Watch­ing from side­lines hurts but his only con­cern is Lions win­ning ti­tle


PAGE 28 MIGNON du Preez and Laura Wolvaardt rep­re­sent both ends of the ex­pe­ri­ence spec­trum for South Africa and af­ter com­ing des­per­ately close to a maiden World Cup fi­nal, both are keen to come back and give it an­other crack.

The Proteas fell ag­o­niz­ingly short against host Eng­land, los­ing by two wick­ets with two de­liv­er­ies to spare, but both Du Preez, who had made an un­beaten 76, and Wolvaardt who scored 66, played their part in a thrilling en­counter.

Now 28, and a former cap­tain, Du Preez was tak­ing part in her third World Cup, and al­though she is one of the older cam­paign­ers in the team, the up­ward tra­jec­tory of the team has con­vinced her she has more to give.

“I’ve played for South Africa for 10 years and to fi­nally get to a semi-fi­nal of an ODI World Cup is very spe­cial,” Du Preez told

“This is my third World Cup. Un­for­tu­nately, we didn’t come out on the side we would have liked but I still think we can be proud of the whole tour­na­ment. We’ve played a bril­liant brand of cricket. We had a slo­gan com­ing in – ‘Al­ways ris­ing’ – and I think that’s ex­actly what we did. We’ve got a lot to be proud of, even though the re­sult didn’t go our way.

“This has ex­cited me to come back for an­other one, so that we take a tro­phy home. It’s def­i­nitely not the end of the road, I think I’ve got a few more years to con­trib­ute to SA cricket.

“I think back home, we said com­ing here we wanted to leave a legacy and that’s ex­actly what we’ve done. We’ve shown the world that we are a force to be reck­oned with and I hope a lot of girls fi­nally had the chance to see us play and I hope young girls will be in­spired to take up the sport in SA and it will bea full ca­reer op­tion back home.”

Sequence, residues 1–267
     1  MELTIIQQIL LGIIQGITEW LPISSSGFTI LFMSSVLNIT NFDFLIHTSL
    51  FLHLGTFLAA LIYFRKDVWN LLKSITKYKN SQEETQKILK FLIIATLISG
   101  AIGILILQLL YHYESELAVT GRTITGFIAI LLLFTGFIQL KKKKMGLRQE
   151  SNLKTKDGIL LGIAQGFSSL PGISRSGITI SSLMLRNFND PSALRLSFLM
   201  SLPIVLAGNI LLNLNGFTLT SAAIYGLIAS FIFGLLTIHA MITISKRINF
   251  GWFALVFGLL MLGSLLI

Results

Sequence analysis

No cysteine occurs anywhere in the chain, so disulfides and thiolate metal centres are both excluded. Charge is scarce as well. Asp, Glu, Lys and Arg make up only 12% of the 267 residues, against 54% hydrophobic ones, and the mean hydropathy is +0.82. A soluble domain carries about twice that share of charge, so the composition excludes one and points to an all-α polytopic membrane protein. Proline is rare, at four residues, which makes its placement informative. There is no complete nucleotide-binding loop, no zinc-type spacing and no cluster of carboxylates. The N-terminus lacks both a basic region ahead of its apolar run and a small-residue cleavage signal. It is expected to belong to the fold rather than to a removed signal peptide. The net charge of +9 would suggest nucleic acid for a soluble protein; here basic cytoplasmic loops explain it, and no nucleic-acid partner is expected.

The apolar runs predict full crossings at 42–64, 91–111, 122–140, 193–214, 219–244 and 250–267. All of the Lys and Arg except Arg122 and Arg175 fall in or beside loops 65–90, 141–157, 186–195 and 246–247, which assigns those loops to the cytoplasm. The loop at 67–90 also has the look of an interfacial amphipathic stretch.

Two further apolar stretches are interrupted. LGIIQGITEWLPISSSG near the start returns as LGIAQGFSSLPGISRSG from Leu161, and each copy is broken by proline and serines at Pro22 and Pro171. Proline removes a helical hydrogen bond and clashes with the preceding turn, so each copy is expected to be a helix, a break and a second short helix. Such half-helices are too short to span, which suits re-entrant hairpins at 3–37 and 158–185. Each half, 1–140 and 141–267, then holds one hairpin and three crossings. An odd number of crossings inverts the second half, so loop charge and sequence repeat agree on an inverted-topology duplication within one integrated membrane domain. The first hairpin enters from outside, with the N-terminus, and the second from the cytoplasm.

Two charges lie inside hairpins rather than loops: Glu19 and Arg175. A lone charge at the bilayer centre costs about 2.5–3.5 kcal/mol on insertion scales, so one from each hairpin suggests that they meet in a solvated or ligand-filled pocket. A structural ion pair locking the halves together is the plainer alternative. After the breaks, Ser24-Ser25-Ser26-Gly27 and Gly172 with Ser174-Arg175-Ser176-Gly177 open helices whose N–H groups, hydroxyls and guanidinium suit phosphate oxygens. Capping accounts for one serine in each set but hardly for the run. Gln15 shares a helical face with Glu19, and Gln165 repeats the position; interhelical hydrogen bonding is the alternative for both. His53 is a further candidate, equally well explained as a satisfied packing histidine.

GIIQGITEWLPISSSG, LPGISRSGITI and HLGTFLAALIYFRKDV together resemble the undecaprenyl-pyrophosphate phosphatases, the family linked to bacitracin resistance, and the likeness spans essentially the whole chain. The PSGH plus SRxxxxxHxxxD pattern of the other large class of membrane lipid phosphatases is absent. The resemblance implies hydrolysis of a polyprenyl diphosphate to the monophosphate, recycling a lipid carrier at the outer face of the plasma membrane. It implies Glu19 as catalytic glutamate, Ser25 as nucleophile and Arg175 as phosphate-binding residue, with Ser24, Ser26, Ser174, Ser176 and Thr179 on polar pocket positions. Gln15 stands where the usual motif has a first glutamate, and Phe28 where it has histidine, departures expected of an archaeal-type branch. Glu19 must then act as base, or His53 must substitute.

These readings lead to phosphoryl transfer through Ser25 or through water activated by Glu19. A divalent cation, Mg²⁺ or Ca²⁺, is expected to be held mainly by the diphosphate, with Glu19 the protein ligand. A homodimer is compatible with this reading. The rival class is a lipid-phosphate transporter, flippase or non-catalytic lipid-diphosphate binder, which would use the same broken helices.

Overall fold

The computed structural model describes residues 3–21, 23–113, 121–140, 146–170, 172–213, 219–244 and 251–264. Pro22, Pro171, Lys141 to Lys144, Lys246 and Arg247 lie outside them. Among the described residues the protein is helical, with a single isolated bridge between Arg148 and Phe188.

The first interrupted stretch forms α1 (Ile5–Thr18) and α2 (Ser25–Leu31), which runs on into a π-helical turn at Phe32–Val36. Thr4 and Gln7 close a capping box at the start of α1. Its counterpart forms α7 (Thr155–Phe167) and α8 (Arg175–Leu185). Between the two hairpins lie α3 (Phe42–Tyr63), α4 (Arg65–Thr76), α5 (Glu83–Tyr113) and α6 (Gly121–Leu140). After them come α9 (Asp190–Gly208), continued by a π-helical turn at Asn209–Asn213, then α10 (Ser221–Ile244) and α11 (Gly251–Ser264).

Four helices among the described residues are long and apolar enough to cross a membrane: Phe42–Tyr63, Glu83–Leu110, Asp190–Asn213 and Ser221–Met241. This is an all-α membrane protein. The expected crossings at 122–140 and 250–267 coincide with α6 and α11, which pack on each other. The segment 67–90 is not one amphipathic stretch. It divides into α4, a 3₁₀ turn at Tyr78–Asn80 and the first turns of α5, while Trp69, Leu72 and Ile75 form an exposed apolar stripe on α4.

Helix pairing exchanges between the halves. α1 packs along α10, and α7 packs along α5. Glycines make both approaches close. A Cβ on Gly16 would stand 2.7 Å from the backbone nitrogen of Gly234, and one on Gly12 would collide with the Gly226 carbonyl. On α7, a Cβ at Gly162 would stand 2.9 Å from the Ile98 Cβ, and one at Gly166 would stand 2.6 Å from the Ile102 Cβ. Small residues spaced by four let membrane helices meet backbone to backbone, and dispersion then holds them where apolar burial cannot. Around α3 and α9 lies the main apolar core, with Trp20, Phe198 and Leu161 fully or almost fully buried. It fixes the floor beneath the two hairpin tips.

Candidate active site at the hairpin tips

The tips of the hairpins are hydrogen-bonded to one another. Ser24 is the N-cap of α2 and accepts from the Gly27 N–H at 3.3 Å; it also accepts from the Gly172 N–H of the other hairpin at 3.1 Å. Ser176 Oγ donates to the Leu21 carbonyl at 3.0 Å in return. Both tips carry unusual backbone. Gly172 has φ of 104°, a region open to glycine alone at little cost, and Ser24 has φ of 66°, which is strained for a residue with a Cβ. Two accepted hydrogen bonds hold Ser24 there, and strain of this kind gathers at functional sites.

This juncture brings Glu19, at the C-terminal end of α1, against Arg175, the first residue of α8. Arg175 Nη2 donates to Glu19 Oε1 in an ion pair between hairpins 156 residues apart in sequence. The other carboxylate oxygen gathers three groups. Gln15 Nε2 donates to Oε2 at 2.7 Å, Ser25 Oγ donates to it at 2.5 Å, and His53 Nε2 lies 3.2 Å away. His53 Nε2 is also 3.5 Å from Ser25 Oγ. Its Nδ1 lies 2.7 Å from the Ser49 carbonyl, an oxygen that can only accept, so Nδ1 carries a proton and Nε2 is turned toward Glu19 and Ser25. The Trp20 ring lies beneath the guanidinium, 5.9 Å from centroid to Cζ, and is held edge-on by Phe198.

At just 18, Wolvaardt was the youngest player in the SA squad, but de­spite her prodi­gious tal­ent, has been weigh­ing up the op­tion of study­ing medicine.

How­ever, af­ter fall­ing just short of a first World Cup fi­nal, she re­vealed she was keen to give it an­other go.

“It’s my first World Cup and I’ve just been try­ing to score as many runs as I can for my team. I re­ally wanted to play well for the team,” Wolvaardt said.

“It’s def­i­nitely mo­ti­vated me to stay with it more. I don’t know about my fu­ture plans yet, I still have to think about that. But I think we came so close, and just get­ting a taste of what could be, I’ll def­i­nitely be back for more.” THE SIGHT of Roger Fed­erer win­ning yet an­other Wim­ble­don ti­tle this past week­end has stirred up some fire in Tsepo Masilela.

“I am a fan of ten­nis, and see­ing Roger win a Grand Slam when so many peo­ple were start­ing to doubt him, gave me a push. It in­spired me to say: ‘I can still do it’,” said the Kaizer Chiefs left­back.

And so it will be with re­newed vigour that Masilela, him­self con­sid­ered way past his sell-by-date by many, tack­les the up­com­ing sea­son, driven by a de­sire to show that age is no lim­i­ta­tion but also the need to help Amakhosi avoid a tro­phy­less hat-trick of sea­sons.